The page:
How do you respond to the description ‘the prince of accompanists’? With delight if you want to spend your working life playing piano chords while an opera or lieder performs downstage of you and takes all the accolades. But perhaps not so ardently if your ambition in life is to be a composer and conductor.
The Irish composer Hamilton Harty, born in Hillsborough Co. Down in 1879, was so described by the Musical Times in 1920. He was something of a musical prodigy – becoming a church organist in Co.Antrim at the age of 12 and holding down similar posts in Belfast and Bray, Co.Wicklow while still a teenager. He moved to London in his early twenties where he was seen as a ‘promising composer and outstanding accompanist’ – there it is again, second fiddle.
However, he was good enough as a composer to have his Comedy Overture performed at the 1907 Proms by an orchestra under the direction of Sir Henry Wood himself. In addition he didn’t do too badly out of being an accompanist in that one of the soloists with whom he worked was the soprano Anges Nicholls. She later became Mrs. Harty.
As a composer he devoted much of his time to reworking Irish themes. This is evident in his Irish symphony, first performed at the Feis Ceoil in Dublin in 1904 with Harty himself conducting. That same year the third place finisher in the singing competition was one James Joyce.
Harty also began conducting with the London Symphony Orchestra in 1911. In 1913 he conducted the orchestra in his own composition Variations on a Dublin Air. He was also invited to conduct at Covent Garden at around that time but Harty and Grand Opera never really hit it off. The composer wrote of opera that it was a medium in which ‘clumsy attempts are made at defining the indefinable suggestions of music’. There is no record of what opera thought of Harty but the Times wrote of his efforts that he made the music of Bizet and Wagner sound like ‘quotations from some forgotten German score’. Ouch!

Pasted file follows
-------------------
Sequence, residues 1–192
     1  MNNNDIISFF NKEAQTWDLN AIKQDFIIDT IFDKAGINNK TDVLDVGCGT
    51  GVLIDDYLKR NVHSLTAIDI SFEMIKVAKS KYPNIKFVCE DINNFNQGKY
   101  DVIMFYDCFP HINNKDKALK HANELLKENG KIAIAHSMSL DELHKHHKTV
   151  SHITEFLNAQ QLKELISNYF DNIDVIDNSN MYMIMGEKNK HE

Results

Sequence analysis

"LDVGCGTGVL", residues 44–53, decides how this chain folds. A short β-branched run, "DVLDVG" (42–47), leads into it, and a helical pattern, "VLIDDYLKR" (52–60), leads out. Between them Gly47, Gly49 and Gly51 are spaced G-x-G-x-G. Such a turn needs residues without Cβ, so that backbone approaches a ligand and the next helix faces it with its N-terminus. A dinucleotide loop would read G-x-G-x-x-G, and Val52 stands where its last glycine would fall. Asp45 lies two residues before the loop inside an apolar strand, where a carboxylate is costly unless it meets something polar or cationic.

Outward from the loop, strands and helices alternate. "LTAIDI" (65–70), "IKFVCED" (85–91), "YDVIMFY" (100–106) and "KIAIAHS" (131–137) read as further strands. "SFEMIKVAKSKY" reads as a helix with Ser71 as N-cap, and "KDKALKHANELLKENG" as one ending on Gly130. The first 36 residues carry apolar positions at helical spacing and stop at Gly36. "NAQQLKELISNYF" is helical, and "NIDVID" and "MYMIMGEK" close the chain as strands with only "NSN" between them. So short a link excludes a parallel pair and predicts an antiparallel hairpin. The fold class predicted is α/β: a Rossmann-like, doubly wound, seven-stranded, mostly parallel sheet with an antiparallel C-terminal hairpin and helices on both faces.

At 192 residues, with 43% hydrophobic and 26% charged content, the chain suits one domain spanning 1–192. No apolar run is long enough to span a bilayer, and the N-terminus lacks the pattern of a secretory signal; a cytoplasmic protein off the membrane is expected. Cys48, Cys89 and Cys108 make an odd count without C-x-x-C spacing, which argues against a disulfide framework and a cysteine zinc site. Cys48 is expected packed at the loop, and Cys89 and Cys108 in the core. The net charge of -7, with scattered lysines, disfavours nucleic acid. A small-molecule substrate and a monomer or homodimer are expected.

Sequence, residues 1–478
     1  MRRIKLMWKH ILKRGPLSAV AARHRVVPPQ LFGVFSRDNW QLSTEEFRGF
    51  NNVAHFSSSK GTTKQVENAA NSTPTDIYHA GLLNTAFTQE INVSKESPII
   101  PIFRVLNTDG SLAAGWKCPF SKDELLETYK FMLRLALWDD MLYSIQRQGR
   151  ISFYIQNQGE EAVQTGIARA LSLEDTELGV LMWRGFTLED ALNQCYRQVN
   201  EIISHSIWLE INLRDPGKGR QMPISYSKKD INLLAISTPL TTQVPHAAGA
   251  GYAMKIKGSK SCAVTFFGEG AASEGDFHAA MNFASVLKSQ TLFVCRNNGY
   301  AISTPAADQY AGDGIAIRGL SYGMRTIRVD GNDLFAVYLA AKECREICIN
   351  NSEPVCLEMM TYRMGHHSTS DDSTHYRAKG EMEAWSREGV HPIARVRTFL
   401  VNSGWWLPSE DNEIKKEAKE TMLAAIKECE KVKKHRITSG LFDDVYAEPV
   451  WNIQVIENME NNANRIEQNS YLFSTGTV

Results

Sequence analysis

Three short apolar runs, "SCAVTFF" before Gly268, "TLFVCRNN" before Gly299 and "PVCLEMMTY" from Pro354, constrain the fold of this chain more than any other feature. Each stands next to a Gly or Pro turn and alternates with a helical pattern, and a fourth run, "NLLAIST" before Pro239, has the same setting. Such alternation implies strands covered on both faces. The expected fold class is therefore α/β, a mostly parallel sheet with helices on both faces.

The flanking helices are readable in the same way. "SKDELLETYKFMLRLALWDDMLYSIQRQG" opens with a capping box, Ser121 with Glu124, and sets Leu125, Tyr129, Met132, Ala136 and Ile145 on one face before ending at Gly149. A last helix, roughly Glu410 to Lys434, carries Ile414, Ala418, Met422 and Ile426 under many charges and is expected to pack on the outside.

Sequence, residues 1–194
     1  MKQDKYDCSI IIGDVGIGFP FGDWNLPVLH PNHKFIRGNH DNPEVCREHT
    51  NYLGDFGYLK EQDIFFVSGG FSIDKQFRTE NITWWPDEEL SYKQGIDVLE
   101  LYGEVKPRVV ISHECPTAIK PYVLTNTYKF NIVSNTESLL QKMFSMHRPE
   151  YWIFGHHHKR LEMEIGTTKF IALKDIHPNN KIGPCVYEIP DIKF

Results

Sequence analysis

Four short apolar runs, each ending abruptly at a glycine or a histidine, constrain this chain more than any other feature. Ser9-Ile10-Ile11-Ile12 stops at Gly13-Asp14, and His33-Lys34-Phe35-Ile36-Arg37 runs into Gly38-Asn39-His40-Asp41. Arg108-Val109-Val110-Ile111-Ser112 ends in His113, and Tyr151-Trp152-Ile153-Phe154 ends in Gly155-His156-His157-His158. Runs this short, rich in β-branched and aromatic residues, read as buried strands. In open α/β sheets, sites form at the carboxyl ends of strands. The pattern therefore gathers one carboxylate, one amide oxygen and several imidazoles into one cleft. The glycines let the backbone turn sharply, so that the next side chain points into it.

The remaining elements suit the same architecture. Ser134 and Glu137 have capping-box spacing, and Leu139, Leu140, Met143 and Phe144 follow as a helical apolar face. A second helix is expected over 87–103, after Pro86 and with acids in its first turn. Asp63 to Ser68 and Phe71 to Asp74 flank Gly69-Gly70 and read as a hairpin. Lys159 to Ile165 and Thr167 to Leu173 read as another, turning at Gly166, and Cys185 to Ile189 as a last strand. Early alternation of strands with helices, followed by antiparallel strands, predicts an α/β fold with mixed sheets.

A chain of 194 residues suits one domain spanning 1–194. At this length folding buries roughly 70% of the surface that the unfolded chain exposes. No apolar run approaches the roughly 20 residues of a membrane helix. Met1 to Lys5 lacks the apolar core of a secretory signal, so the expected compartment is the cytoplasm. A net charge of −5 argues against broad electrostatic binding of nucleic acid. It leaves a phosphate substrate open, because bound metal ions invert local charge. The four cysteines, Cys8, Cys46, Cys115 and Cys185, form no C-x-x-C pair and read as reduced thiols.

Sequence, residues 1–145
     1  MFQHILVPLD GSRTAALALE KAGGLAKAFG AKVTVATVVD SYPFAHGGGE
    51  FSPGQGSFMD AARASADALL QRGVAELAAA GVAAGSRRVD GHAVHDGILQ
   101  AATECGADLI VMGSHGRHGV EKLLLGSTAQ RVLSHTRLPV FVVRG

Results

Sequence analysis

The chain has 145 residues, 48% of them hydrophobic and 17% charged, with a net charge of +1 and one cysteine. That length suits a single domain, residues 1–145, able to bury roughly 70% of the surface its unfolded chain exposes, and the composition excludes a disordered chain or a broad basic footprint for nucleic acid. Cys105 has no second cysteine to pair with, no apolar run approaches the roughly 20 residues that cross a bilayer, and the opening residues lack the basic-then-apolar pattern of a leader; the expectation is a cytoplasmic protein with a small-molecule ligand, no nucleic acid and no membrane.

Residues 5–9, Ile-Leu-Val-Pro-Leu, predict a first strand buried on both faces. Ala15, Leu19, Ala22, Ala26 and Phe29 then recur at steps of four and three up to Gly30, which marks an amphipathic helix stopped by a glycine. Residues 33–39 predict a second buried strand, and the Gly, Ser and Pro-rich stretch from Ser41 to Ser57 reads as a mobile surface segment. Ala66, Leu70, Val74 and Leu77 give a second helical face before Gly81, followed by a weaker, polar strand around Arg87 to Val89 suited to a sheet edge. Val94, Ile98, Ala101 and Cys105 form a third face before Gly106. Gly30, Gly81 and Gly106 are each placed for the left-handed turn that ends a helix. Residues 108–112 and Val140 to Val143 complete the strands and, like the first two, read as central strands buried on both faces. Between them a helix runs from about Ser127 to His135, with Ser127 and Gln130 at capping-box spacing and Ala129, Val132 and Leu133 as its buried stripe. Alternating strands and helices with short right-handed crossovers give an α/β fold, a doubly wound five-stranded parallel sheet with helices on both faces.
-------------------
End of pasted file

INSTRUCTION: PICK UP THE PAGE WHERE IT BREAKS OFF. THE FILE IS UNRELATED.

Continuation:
Harty finally found his niche as a conductor with the Hallé Orchestra in Manchester. He made his debut with the Hallé in April 1914. Unfortunately his career was interrupted by the small matter of a global war. He sensibly joined the Navy, where casualties were considerably lighter than on dry land and survived to be demobilized in 1918. He became the Hallés permanent conductor in 1920 and restored the reputation to the levels it had experienced under its founder Charles Hallé.
Harty and the Hallé came to fit each other like a pair of old gloves. On one occasion the famous Austrian pianist Artur Schnabel was performing a Brahms concerto with the Hallé. He overlooked two bars, enough to throw any conductor and orchestra into total confusion. Harty and the Hallé didn’t so much as miss a beat. Later Schnabel, by way of a compliment to the conductor, suggested that the Hallé was ‘second only to the Berlin Philharmonic’. Harty was having none of it – pointing out with some asperity that the Hallé was ‘better by two bars’.
Harty was knighted in 1925 but his career in Manchester did not come to a happy end. When, in 1932, he accepted the post of conductor in chief with the London Symphony Orchestra the Hallé dropped him like a hot bassoon. He took some measure of revenge by poaching a number of their key players for his new band. However his tenure with the LSO was brief and chastening. He didn’t bring in the crowds and was dumped unceremoniously after only two years.
Towards the end of his life he suffered ill health but still managed to adapt a number of Irish songs and create a new tone poem The Children of Lir. He did a lot of work in his final years with the BBC Symphony Orchestra. He was only 61 when he died in 1940. His ashes were scattered in Hillsborough parish church.
Hamilton Harty, accompanist, composer, and conductor was born 136 years ago, on this day.